A lot of time is spent by large organisations talking about the importance of their cultural identity, and of people joining fitting the cultural mould, but the truth is that the smaller the company the more important cultural issues become.
There are two sides to this coin:
A successful organisation can be destabilised and undermined by a disruptive influence, with the impact far greater in a smaller team. Any new hire potentially skews the cultural dynamic enormously. If they clash with the existing culture they can negatively affect not only themselves, but the rest of the company, leading to poor communication, conflict, waste and reduced productivity. Conversely someone ‘on the same wavelength’ will fit in more easily, get up to speed faster and produce to optimum efficiency more quickly.
In contrast whilst the cultural impact of someone out of step can be negative, it can also be a huge benefit. If your team had become lethargic and conservative, the injection of new blood could, after a period of storming and forming, lead to a reinvigorated culture and revitalised team. This is the central concept behind diversity, drawing a spread of ideas and cultural approaches to the table.
In either case the impact is potentially enormous, and only made more so by the limited scale of the company. Indeed in twenty years of recruitment I’ve always maintained that 50% of a successful hire is about their skills and experience, the other half is cultural.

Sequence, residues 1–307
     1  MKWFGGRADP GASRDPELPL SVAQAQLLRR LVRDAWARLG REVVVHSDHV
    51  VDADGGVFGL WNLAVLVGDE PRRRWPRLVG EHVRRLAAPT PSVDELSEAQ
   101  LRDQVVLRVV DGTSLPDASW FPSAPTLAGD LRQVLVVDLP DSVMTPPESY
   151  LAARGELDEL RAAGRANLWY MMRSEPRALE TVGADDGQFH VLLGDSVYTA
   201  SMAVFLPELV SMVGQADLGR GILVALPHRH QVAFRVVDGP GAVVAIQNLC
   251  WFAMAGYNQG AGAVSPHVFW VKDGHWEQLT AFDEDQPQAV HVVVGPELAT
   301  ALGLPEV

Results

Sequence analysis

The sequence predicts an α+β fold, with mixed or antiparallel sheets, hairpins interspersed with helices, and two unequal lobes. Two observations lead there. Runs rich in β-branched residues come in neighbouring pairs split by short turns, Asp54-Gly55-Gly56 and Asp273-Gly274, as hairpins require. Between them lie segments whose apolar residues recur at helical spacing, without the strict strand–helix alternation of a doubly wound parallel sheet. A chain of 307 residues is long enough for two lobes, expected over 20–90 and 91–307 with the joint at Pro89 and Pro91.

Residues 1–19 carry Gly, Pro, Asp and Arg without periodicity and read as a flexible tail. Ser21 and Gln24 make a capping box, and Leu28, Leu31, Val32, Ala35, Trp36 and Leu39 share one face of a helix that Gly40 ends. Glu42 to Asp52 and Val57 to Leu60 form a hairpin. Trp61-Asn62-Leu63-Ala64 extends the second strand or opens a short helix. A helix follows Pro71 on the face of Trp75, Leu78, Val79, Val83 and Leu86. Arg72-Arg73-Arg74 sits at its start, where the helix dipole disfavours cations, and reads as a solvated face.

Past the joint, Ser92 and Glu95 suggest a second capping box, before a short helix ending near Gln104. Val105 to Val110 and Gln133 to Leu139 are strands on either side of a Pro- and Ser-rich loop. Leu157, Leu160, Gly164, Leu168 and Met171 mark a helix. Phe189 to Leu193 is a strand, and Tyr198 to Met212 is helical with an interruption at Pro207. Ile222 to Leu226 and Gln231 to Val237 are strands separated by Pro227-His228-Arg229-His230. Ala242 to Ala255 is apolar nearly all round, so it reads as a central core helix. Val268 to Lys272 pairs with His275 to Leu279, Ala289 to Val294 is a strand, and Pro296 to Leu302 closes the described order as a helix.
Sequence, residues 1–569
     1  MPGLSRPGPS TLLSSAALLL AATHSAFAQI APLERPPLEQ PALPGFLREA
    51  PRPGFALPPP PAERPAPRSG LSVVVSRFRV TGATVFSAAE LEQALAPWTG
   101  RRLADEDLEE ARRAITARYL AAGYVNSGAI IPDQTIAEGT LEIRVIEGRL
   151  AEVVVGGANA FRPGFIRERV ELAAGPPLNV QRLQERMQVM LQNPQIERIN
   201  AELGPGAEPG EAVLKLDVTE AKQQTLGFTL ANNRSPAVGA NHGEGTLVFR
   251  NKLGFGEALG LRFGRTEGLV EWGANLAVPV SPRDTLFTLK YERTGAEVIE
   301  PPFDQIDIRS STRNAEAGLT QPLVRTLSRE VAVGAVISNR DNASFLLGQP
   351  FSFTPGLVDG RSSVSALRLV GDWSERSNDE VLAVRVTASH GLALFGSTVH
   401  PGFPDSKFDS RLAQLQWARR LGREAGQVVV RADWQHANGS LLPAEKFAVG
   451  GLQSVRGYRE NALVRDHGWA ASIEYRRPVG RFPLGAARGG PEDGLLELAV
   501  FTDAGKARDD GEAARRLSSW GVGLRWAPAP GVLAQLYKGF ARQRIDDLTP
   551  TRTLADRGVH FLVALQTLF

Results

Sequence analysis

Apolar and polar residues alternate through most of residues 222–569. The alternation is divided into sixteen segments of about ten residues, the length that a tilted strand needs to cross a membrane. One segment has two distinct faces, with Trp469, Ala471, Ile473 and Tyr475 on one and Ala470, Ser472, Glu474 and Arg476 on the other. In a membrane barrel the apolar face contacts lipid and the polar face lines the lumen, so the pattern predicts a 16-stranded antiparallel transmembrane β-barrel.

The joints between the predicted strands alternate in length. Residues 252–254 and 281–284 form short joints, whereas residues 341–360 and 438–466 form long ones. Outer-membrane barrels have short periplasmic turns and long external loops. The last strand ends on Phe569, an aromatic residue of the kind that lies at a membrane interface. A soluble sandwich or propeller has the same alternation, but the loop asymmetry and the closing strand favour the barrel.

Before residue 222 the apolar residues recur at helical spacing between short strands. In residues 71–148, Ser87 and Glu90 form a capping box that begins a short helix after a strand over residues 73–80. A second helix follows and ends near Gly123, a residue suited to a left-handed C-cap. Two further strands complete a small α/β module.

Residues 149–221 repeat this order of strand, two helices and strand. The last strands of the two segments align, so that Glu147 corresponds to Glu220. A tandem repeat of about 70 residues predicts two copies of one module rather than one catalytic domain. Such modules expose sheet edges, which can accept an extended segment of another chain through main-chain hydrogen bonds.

If this is the case what do smaller organisations need to do to compete with the big players with their established values and PR statements?
The first step is to know what you have. Now this might seem obvious, but don’t take it for granted. In over 80% of companies we’ve reviewed the vision, goals and culture stated by the board etc, have not been reflected when the staff are questioned. Of course there is usually some correlation, but it’s rarely the same. But that’s okay, the vision and goals can be seen as aspirational, nevertheless it’s important to understand what the real picture is. This is best done by openly asking for feedback, possibly anonymously to avoid both nervousness and sycophancy. A good approach is to ask your people for the three words they think best embody the company from a variety of perspectives, for example:
Word maps are a great way to visually present this feedback. They display all the words stated by the respondents, with the size of font reflecting the frequency people used that word. Instantly you will create a clear picture of how the employees of the company feel about and perceive the organisation, with perhaps three or four keywords leaping off the page, far larger than the rest. This is your true cultural blueprint. If this matches the aspirations of the board then great, if not it informs where efforts need to be made.
As for recruitment, once you have clarity on where you are it becomes relatively simple. Assessments can be structured around the desired cultural characteristics, whether they are to fit in with or challenge the status quo. This can take a number of methods:
The correct use of one or more of these methods, compared to the existing cultural norm, will allow you to identify who will fit in with the current culture, who will push it in new directions and who will clash and cause disruption. As a result you will be able to create and nurture supportive, effective yet challenging and dynamic teams that will enhance any organisation, but particularly a smaller one, making it a great place to be for all concerned.